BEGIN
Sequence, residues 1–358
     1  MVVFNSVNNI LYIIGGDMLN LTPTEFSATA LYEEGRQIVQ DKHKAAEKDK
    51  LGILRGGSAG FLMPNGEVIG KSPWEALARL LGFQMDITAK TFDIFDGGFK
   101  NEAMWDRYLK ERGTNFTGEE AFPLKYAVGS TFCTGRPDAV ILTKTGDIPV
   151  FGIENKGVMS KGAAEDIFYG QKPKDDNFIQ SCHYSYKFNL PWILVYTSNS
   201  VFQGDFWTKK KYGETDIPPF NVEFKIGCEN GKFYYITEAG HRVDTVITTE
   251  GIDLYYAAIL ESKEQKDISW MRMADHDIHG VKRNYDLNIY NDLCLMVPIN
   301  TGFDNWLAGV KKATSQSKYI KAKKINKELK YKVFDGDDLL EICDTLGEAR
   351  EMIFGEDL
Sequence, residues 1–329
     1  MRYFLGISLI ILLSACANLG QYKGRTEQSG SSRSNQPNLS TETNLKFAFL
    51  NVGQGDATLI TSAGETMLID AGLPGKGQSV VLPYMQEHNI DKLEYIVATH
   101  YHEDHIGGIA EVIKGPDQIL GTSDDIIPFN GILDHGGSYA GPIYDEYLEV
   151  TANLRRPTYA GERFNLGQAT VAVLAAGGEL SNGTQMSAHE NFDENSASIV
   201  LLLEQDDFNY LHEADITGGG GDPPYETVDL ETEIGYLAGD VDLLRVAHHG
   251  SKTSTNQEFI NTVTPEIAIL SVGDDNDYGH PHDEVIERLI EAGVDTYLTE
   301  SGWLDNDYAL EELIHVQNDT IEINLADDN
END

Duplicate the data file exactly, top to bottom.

Sequence, residues 1–358
     1  MVVFNSVNNI LYIIGGDMLN LTPTEFSATA LYEEGRQIVQ DKHKAAEKDK
    51  LGILRGGSAG FLMPNGEVIG KSPWEALARL LGFQMDITAK TFDIFDGGFK
   101  NEAMWDRYLK ERGTNFTGEE AFPLKYAVGS TFCTGRPDAV ILTKTGDIPV
   151  FGIENKGVMS KGAAEDIFYG QKPKDDNFIQ SCHYSYKFNL PWILVYTSNS
   201  VFQGDFWTKK KYGETDIPPF NVEFKIGCEN GKFYYITEAG HRVDTVITTE
   251  GIDLYYAAIL ESKEQKDISW MRMADHDIHG VKRNYDLNIY NDLCLMVPIN
   301  TGFDNWLAGV KKATSQSKYI KAKKINKELK YKVFDGDDLL EICDTLGEAR
   351  EMIFGEDL
Sequence, residues 1–329
     1  MRYFLGISLI ILLSACANLG QYKGRTEQSG SSRSNQPNLS TETNLKFAFL
    51  NVGQGDATLI TSAGETMLID AGLPGKGQSV VLPYMQEHNI DKLEYIVATH
   101  YHEDHIGGIA EVIKGPDQIL GTSDDIIPFN GILDHGGSYA GPIYDEYLEV
   151  TANLRRPTYA GERFNLGQAT VAVLAAGGEL SNGTQMSAHE NFDENSASIV
   201  LLLEQDDFNY LHEADITGGG GDPPYETVDL ETEIGYLAGD VDLLRVAHHG
   251  SKTSTNQEFI NTVTPEIAIL SVGDDNDYGH PHDEVIERLI EAGVDTYLTE
   301  SGWLDNDYAL EELIHVQNDT IEINLADDN